So you want to be a financial analyst?

  Andrew Belasco   May 12, 2015   Careers   0 Comment

Welcome to the sixth installment of College Transitions’ “So you want to be a…” series. Designed to help career-minded high school students think intelligently about their postsecondary journeys, these blogs will look at the financial, academic, and personal factors one should consider when exploring various professions.

fin_analystWhat exactly does being a financial analyst entail?

Most analysts work for brokerage houses, banking or credit institutions, or insurance brokerages. In general, the daily work of a financial analyst includes carefully studying global financial trends for the purpose of accurately predicting future value of stocks, bonds, and companies. This is accomplished, in part, through reading voluminous amounts of research and news material as well as through financial modeling and analysis.

Do I need to attend a prestigious undergraduate school?

If you are looking to land a job at a top investment bank or hedge fund, attending an elite undergraduate institution is pretty close to a prerequisite. Ultra-competitive institutions with large alumni bases located in the Northeastern United States provide students with a particular edge.

The ten most represented U.S. schools at high-powered firms like Goldman Sachs, JP Morgan Chase, or Morgan Stanley includes Ivies UPenn, Columbia, Cornell, Harvard and Princeton as well as NYU, Villanova, and Boston College.

Other strong but not hyper-selective schools such as Rutgers University are also well-represented in the industry, in part due to sheer proximity to Wall Street.

Which college major should I choose?

You don’t need to earn a degree in Finance to land a job as a financial analyst. Investment banks and other Wall Street firms are looking for evidence of accomplishment in a difficult course of study, not a credential from one specific major. Much of the knowledge and skills required to succeed as a financial analyst will be acquired through on-the-job training. Therefore, potential employers will be assessing your ability to learn, rather than your ability to memorize Excel functions. Of course, majoring in Finance will not hurt you, but there are a number of other majors that could prove equally appealing. For example, Economics, Math, Engineering and most science-related majors will endow you with the analytic and quantitative skills need to impress any Wall Street firm.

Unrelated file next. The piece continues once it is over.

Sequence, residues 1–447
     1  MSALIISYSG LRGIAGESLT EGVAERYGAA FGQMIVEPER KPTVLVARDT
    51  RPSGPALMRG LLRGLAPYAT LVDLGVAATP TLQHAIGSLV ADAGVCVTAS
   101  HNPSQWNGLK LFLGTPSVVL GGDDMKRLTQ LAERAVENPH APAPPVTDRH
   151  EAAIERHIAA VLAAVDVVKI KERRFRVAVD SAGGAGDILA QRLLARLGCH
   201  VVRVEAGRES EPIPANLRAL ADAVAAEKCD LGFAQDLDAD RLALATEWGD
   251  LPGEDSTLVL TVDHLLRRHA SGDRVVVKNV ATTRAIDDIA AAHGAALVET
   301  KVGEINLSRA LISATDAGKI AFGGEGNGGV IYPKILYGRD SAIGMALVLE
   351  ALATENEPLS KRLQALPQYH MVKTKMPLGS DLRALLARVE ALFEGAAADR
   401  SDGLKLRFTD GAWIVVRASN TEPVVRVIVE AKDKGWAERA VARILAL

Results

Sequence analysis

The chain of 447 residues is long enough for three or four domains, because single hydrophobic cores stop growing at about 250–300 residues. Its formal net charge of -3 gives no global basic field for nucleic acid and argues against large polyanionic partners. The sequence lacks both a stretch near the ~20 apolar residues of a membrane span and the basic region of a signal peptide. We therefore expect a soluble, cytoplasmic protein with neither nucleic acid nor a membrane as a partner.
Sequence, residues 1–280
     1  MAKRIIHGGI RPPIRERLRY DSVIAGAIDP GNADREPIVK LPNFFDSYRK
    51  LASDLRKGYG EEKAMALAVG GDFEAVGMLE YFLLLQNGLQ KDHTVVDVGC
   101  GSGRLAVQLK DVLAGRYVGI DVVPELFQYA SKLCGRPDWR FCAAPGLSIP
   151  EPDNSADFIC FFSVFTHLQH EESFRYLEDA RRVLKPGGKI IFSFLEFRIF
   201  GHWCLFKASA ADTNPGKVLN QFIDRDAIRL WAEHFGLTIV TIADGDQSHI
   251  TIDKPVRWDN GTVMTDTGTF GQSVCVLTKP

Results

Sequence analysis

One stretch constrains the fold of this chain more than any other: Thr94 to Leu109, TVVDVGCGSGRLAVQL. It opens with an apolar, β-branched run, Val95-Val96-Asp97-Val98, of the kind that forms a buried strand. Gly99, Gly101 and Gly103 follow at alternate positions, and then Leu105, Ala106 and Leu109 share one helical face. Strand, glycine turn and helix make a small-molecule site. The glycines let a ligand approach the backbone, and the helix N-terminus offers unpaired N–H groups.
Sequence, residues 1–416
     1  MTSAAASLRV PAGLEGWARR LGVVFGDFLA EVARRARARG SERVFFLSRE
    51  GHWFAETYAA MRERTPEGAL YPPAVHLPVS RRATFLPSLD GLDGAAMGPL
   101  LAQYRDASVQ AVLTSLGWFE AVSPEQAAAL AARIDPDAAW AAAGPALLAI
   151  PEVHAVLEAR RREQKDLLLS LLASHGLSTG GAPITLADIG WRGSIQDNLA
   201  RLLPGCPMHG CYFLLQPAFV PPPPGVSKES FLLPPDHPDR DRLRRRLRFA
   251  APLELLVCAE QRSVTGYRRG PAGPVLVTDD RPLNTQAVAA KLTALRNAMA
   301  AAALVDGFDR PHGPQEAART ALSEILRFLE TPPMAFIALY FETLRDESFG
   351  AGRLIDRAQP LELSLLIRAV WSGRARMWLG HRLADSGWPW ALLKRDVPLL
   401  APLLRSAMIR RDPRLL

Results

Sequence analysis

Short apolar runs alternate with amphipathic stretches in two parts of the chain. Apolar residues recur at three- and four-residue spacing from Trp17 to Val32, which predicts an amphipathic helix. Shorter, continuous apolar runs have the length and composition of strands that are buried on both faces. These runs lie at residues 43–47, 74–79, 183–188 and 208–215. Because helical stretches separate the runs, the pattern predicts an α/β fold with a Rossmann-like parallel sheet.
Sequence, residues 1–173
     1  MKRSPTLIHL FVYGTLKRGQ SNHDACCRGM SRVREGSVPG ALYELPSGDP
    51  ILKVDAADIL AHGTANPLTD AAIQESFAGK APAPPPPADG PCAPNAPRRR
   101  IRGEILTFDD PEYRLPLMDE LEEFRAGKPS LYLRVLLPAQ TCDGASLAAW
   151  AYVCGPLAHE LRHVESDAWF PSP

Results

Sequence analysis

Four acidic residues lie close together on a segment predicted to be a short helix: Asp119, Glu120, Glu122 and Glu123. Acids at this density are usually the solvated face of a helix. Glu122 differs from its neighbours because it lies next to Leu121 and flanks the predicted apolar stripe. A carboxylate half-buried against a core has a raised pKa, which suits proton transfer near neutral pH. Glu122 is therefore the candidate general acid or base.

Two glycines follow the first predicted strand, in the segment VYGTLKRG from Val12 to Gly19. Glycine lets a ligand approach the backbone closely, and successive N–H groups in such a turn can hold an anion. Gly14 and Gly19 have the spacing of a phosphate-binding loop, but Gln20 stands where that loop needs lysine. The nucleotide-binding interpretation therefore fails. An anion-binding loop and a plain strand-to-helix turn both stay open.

Be prepared for long hours

Seventy to eighty hour weeks are commonplace, especially for those in their first few years in the field. In addition to your work hours, it benefits young analysts to network with potential clients as well as others in the field during their limited free time. Do the math, and it’s easy to see why work/life balance can be a great challenge in this field. Similar to those starting in the legal field, young financial professionals report a higher level of stress and fatigue than peers in less all-consuming lines of work. Symptoms such as depression, anxiety, weight gain, and other health issues are common.

Salary expectations

Fortunately your long hours do not go uncompensated. Salary expectations for financial analysts are quite high, especially when considering that base salary doesn’t tell the whole picture. In fact, analysts at many private firms can more than double their base salary through performance bonuses.